Drug War

Drug War marks the first action film Hong Kong director Johnnie To shot entirely on mainland China. To has been working doggedly overseas since the early 90’s, having directed dozens of films and produced even more over the time period. The film continues To’s penchant for action and crime pictures, offering up a stylish, suspenseful romp through the drug underworld of China. After an opening scene drug bust, dealer Timmy Choi (Louis Koo) is desperate to avoid punishment (we learn early on that China has some pretty intense punishments, of a capital nature, related to drug trafficking), deciding to turn state’s evidence and work alongside police captain Zhang Lei (Sun Honglei) to help take down a large cartel. As one would expect, this is easier said than done.

Choi represents a combustible element here; this is often the case when a criminal becomes a reluctant witness/ally to the police, and To and his writers (Wai Ka-Fai, Yau Nai-hoi, Ryker Chan and Yu Xi) deftly keep the disparate elements in the air as they infiltrate deeper into the methamphetamine ring. Choi’s allegiances seem to shift with the wind, always looking for a way out of his predicament that involves staying alive for one more day. Whether it is justified or not, Louis Koo instills quite a bit of sympathy into his performance as Choi. He may be a scumbag, but it can be difficult to deny one’s will to live at nearly any cost, and he seems to be legitimately contrite for much of the early movements of the plot.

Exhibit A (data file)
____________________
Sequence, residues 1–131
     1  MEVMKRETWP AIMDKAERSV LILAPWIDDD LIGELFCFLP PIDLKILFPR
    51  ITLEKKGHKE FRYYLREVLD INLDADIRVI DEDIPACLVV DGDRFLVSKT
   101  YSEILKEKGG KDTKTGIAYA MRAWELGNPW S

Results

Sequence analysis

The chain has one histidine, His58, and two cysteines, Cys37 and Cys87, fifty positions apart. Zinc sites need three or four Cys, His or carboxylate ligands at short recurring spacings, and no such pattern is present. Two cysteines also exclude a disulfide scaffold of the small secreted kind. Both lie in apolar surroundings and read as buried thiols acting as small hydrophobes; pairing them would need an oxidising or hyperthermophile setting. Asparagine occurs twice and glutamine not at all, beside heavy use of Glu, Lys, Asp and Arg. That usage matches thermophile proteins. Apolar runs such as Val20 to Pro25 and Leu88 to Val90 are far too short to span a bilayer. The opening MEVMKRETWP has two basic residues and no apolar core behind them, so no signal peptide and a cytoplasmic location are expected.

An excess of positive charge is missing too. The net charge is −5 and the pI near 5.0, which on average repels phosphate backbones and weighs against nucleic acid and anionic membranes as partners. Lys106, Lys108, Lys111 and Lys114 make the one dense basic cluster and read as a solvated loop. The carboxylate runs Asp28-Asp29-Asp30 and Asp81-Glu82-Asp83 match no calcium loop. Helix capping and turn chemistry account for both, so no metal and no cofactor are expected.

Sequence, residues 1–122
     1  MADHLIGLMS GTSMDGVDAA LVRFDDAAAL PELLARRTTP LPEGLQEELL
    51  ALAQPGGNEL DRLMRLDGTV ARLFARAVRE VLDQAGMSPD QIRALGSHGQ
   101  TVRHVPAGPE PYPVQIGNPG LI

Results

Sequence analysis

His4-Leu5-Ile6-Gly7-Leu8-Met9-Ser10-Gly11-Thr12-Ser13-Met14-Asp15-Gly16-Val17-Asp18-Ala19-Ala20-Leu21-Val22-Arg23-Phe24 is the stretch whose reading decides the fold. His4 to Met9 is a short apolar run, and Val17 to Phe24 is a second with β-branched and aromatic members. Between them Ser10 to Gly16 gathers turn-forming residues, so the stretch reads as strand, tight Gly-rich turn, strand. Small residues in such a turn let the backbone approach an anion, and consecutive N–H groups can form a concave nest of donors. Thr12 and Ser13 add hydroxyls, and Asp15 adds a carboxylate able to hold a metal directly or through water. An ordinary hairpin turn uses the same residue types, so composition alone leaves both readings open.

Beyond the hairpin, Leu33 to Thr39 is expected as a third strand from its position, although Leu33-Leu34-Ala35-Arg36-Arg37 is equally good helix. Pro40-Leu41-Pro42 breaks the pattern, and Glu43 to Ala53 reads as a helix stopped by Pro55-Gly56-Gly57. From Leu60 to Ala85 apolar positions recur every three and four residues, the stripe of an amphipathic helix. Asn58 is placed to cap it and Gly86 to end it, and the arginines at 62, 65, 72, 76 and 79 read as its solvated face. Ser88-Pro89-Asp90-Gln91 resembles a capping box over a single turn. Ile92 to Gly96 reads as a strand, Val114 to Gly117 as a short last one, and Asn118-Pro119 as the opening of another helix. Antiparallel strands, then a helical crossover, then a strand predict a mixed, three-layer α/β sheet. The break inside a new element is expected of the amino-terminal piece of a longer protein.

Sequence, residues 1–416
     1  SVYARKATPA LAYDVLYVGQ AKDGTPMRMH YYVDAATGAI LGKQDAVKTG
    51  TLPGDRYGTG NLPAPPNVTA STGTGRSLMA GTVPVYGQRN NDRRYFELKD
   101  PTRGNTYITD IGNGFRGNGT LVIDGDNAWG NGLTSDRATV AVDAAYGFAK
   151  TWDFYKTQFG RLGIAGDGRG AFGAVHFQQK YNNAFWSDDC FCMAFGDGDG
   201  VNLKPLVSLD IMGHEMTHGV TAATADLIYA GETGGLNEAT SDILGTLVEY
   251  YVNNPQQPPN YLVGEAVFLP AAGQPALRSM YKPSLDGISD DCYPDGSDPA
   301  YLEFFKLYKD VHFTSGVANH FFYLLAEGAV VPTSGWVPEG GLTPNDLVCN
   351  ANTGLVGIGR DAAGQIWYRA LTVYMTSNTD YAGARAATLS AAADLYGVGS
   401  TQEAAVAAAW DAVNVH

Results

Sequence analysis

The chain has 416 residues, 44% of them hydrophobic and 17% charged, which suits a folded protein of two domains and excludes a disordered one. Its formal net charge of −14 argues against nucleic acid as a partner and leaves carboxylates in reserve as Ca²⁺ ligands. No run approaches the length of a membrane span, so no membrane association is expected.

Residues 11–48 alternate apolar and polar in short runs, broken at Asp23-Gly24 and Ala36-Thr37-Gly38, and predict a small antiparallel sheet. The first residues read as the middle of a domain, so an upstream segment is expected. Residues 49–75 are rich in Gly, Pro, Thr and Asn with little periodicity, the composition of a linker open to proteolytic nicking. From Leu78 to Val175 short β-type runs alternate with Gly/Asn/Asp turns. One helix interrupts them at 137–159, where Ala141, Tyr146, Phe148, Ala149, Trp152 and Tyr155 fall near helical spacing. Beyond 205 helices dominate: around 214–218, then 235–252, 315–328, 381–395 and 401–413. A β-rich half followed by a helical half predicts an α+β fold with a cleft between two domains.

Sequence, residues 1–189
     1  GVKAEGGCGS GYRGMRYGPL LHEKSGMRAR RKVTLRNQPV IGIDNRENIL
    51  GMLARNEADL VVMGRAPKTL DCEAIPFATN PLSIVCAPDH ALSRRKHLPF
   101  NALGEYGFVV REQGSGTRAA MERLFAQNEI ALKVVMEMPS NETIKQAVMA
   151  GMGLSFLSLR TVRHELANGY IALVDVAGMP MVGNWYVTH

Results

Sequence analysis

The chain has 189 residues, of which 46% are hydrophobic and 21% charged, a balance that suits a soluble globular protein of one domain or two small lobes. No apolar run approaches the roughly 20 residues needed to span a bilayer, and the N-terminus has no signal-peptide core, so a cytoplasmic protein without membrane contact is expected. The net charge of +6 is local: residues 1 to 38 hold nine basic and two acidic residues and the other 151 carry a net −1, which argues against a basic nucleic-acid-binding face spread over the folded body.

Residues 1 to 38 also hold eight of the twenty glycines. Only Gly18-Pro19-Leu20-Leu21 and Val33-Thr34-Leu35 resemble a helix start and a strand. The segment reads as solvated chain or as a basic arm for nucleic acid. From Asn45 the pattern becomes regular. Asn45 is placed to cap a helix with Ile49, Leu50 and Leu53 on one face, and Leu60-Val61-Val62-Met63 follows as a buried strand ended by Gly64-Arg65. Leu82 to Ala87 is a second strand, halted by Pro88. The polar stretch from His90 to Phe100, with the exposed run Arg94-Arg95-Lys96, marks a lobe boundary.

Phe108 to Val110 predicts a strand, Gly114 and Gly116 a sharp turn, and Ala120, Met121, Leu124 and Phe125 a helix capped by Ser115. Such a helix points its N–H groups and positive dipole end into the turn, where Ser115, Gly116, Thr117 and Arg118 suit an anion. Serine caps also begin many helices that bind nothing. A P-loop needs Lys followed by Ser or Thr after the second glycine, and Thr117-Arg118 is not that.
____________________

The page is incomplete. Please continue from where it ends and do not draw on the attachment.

Sun Honglei is especially wonderful in his own way. We’ve seen the straight-man cop a hundred times before, but Captain Zhang Lei is a bit of a different beast. Yes, he falls into many of the same tropes we’ve seen before in cops vs. traffickers films (the stonefaced hero cop who protects his unit at all costs, always taking the first overnight shift, and the like), but the movie shifts when he has to take the place of a particularly boisterous drug dealer who goes by HaHa, because he has a tendency to laugh randomly and maniacally every few seconds, even in the middle of serious moments. Sun Honglei’s ability to so effortlessly flip flop between his normal stoic demeanor and the HaHa role, who couldn’t possibly be more different, draws you in and astounds. It’s a wonderful performance; even the absurdity of the HaHa persona is played with a certain subtlety that is beyond simple mimickry. He successfully internalizes the difference, not simply shifting roles, but confidently playing what would be expected from the Captain’s interpretation of the role.

Drug War features the litany of car chases, action set pieces and shootouts you would expect from a picture like this, and Johhnie To as a strong style to his camera work and staging that makes these scenes crackle with life. The movements of the characters are grounded in realism (there are no Michael Bay-style supercops or bullet sponges here), and the climactic face-off is the perfect cathartic release for a film that expertly gathers tension over its svelte 105 minute run time. To be fair, it’s not all that much more than a simple genre picture with a bit of a morality tale at its center, but you’d be hard pressed to find a genre film that is executed better than Drug War